Skip a few pages and we read that first of Mr Jinnah’s fourteen points was the demand for a federal form of government in India. This is not contrasted with the One Unit scheme of Mr Iskander Mirza nor does it bear any comparison with the Awami League’s demand for a loose federation. The words of the Lahore Resolution that clearly state that Muslim majority regions of India ‘should be grouped to constitute independent states in which the constituent units shall be autonomous and sovereign’ are likewise glossed over without any analysis.

We are not taught that Pakistan was hijacked by the bureaucrats (Mr. Malik Ghulam Mohammad and Mr Iskander Mirza) and military dictators. Only a brief period of democratic rule was allowed before the other powers take over the reigns of our country and decide that democracy is not for us. No… we are stupid, rabid animals that deserve, and are desperately in need of, a ‘danda’ to keep us in line.

We don’t question the fact that the 1965 war was fought under General Ayub Khan. We are not told about Operation Gibraltar. No, we are a peace-loving nation. We could never start a war. Similarly, we don’t think that it was under General Yahya Khan that East Pakistan was brutally raped. Nor do we see that the terrorist attacks that bleed our nation today are a direct consequence of another military dictator, the Amir-ul-Mumineen, General Zia-ul-Haq and his glorious defeat of the atheist Soviet Union at the behest of another superpower. We do not think because we are not taught how to.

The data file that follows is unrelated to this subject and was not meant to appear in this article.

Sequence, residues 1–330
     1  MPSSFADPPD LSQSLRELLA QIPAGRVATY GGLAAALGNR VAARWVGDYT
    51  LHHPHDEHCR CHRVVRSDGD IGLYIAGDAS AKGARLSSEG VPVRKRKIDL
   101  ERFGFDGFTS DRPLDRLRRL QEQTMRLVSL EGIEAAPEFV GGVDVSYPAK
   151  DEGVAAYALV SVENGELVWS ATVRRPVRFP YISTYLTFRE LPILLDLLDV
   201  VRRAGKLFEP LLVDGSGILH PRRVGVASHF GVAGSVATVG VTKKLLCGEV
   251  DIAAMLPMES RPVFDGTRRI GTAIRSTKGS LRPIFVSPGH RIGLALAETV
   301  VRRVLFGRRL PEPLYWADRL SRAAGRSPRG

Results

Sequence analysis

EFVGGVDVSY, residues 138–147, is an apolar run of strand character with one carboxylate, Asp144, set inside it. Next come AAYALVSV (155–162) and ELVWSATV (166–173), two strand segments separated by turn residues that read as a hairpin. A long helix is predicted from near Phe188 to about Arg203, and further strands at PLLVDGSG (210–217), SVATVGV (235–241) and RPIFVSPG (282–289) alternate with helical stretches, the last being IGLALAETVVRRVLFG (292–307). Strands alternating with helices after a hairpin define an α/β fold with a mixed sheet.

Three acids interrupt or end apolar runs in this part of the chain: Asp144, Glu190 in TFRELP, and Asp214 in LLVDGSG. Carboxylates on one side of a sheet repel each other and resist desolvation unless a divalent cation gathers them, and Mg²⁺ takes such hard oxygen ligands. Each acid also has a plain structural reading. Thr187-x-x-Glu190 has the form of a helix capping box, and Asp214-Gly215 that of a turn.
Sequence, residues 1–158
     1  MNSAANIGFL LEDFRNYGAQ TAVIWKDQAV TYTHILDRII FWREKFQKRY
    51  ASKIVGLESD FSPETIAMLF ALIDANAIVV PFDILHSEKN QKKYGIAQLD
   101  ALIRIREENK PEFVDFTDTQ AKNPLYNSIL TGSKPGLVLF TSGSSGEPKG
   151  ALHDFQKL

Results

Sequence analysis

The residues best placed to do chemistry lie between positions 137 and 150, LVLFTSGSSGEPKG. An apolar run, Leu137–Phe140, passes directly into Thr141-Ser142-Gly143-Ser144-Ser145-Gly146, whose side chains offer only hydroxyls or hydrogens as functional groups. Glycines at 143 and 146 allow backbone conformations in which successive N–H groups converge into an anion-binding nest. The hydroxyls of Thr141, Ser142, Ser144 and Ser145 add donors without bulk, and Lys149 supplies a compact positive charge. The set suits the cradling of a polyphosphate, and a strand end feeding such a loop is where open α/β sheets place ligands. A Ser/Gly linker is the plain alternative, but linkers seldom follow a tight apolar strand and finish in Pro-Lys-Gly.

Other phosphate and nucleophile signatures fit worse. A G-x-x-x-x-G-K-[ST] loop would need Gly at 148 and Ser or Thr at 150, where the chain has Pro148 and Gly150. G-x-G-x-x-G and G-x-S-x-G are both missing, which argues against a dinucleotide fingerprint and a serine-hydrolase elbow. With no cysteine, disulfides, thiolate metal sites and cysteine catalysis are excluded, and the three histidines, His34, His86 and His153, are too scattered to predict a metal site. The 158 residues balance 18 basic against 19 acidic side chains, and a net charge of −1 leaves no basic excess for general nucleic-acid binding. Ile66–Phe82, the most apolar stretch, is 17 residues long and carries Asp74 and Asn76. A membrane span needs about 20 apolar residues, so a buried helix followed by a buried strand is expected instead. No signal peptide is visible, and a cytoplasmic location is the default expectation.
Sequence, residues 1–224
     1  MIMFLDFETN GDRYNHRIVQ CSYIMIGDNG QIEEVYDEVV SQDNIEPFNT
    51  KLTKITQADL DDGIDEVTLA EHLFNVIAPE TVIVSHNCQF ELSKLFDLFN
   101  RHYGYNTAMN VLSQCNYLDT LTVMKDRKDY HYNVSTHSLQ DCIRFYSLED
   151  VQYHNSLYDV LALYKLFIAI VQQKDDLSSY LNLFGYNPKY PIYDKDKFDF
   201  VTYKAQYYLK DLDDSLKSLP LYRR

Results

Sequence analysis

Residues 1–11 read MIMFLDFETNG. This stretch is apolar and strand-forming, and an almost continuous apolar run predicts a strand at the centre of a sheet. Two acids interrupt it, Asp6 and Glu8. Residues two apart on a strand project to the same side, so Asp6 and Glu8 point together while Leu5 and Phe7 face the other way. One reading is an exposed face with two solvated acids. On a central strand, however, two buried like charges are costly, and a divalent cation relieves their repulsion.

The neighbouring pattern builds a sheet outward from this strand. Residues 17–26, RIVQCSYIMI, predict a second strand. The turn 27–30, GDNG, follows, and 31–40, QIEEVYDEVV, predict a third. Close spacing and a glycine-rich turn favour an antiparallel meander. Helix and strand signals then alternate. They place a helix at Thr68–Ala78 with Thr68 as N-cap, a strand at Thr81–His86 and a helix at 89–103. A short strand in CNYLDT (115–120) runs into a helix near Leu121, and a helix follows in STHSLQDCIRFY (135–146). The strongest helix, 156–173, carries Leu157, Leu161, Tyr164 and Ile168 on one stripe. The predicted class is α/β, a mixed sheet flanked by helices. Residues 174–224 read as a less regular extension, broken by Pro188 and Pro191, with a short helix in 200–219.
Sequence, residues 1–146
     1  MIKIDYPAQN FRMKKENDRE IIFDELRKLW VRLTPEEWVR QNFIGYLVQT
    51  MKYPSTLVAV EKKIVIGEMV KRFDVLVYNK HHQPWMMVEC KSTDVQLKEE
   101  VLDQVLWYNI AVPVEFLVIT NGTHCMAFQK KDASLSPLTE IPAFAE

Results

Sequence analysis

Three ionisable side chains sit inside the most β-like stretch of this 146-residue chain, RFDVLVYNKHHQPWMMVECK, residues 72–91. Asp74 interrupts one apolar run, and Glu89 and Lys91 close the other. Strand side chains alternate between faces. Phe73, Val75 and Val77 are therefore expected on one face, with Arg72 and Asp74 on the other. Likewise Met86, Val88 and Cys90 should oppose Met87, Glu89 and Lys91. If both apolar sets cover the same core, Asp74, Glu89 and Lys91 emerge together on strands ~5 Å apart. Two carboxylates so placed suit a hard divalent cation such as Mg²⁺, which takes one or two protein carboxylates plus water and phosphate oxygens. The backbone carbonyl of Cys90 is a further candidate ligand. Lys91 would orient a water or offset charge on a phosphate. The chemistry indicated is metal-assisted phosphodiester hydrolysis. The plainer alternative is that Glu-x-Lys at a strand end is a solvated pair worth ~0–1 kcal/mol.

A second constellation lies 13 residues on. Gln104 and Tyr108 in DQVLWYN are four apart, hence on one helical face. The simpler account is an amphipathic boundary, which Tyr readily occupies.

No one can question the Two Nation Theory, even though Hindus and Muslims lived together peacefully for hundreds of years. No one questions our draconian laws which are misused time and again to persecute the minorities of this country. Mr Jinnah’s crucial 11th August speech to the Constituent Assembly is hidden and obfuscated.

I wrote this article to encourage my fellows to think and question the status quo. Do not take things for granted as it leads only to stagnation and repetition of past follies. My friends, we are the future of this country… you and I. We want to live in a vibrant, stable and progressive Pakistan. A country we can be proud to call home. The dictators have had their chance. Our flawed democracy is due to their erosion of the very institutions that are vital for ensuring a strong democracy. It’s true that we face many hardships but this is only because we have been denied the inevitable for over 60 years. As you are well aware that it is an awkward and difficult phase; one in which we may question the futility of even trying. But it must be passed in order for us to get back on track. It must be passed for us to mature as a nation.

We can all play our part in this by creating awareness on vital issues, by talking out our differences instead of resorting to personal attacks or violence, by not resorting to conspiracy theories at every turn, and by understanding that democracy – with its guarantees of free speech, protection of fundamental rights and inbuilt checks and balances – is the only way forward for Pakistan.